What are the inheritance rights of cohabitating unmarried partners?

California does not recognize the concept of common law marriage; however, when unmarried couples live together, they may have a written, oral or implied agreement to leave the other person some or all of their assets when they die, and those agreements may be enforceable, just like any other contract. Disputes could arise if the partners failed to formalize the agreement through a legally valid document, such as a will. 

If no formal estate planning documents memorializing the agreement had been in place when the decedent died, the surviving partner may be able to claim an inheritance from their partner’s estate or trust by arguing that an oral agreement has existed between the couple and should be enforced. 

A beneficiary lawyer can assist surviving partners with bringing a claim if they feel they are owed an inheritance. Likewise, they can help estate and trust beneficiaries defend their inheritances if a surviving partner of the decedent is attempting to claim them.

How Keystone’s Beneficiary Lawyers Can Help You

Since Keystone deals exclusively in probate matters, its lawyers can effectively handle virtually any issue beneficiaries are likely to face. In fact, the majority of Keystone’s clients are beneficiaries

From assisting beneficiaries with understanding the will or trust instrument to filing a claim on their behalf, Keystone’s beneficiary lawyers can help beneficiaries claim their rightful inheritances. In this section, you can learn about the specific kinds of issues Keystone’s experienced beneficiary lawyers can help resolve.

Enforcing Your Inheritance Rights

Regardless of whether you are a trust or estate beneficiary, a primary or contingent beneficiary, a designated beneficiary, a disinherited heir, or a spouse or child of the decedent, Keystone’s beneficiary lawyers can help enforce your inheritance rights.

Here are some of the specific ways in which Keystone’s attorneys for beneficiaries can help beneficiaries seeking to enforce their inheritance rights:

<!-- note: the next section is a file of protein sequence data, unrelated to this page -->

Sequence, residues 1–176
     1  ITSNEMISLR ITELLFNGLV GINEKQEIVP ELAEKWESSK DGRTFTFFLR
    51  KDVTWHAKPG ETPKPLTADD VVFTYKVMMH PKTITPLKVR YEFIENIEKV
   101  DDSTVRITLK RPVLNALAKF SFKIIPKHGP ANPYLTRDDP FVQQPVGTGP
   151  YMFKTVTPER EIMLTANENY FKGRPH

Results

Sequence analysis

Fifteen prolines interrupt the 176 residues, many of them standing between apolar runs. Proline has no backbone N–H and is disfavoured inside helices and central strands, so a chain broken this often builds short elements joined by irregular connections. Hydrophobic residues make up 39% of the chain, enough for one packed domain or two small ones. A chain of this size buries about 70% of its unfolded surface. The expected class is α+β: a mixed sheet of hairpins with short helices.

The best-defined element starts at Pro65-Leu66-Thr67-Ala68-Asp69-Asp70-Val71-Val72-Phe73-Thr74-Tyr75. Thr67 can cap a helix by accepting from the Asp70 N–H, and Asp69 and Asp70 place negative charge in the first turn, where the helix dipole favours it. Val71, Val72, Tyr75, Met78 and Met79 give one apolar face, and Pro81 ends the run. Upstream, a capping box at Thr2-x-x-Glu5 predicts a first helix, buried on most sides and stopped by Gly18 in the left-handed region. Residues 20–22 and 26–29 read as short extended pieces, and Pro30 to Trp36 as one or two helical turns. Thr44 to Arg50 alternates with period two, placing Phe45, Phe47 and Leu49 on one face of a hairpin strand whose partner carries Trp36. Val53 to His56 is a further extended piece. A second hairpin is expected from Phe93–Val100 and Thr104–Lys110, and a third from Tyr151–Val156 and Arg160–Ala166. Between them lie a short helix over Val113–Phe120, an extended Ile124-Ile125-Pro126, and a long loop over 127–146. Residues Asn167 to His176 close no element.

• Interpreting the will or trust instrument
  • Inspecting the accountings of executors/administrators and trustees
  • Keeping a pulse on administration to make sure it is progressing smoothly
  • Ensuring the executor/administrator or trustee is acting in the best interest of beneficiaries
  • Securing distributions for beneficiaries if they have not been made in a timely manner

If you require any of the aforementioned beneficiary services or even a service that is not on this list, get in touch with one of Keystone’s beneficiary lawyers to learn how our firm can help.

Bringing a Will or Trust Contest

Keystone’s beneficiary lawyers are experienced in representing beneficiaries who are bringing or defending will and trust contests. If you have cause to believe that a will or trust needs to be invalidated, or someone is seeking to have a will or trust invalidated for no good reason, our beneficiary lawyers can help. They can counsel you on the best approach for favorably resolving your case.

Some of the specific ways our beneficiary lawyers can help in will or trust contest cases include:

  • Investigating whether misconduct played a role in the drafting, modification or execution of a trust
  • Bringing a will or trust contest
  • Defending a will or trust contest

If you are unsure about whether it is worth your time and money to bring a will or trust contest, our beneficiary lawyers can provide advice after reviewing your case.

Other Litigation

There is much that can go awry following someone’s death in terms of their assets. Keystone’s beneficiary lawyers are equipped to effectively handle any disputes that arise, from the removal of an executor or trustee to enforcing spousal rights.

Some of the specific ways Keystone’s beneficiary lawyers can help litigate beneficiary disputes include:

  • Recovering damages from other beneficiaries, executors/administrators, trustees or third-parties who caused harm to the estate or trust
  • Suspending or removing and surcharging an executor/administrator or trustee
  • Bringing or defending an elder abuse claim
  • Contesting or defending a beneficiary designation

On top of being costly, time-consuming and emotionally draining, litigation can significantly delay the distribution of a decedent’s assets. This is why it is important to consult with a beneficiary lawyer prior to bringing a claim. The beneficiary lawyer may be able to provide you with alternate solutions to litigation if the cons of litigating outweigh the pros.

Contact Us

Schedule a Free Consultation to Learn How Our Beneficiary Lawyers Can Help You!

Claim your rightful inheritance with help from our seasoned beneficiary lawyers. Our services for beneficiaries are comprehensive, covering everything from interpreting a will or trust to handling any disputes that arise. Call us today to learn the specific ways our beneficiary lawyers can help you.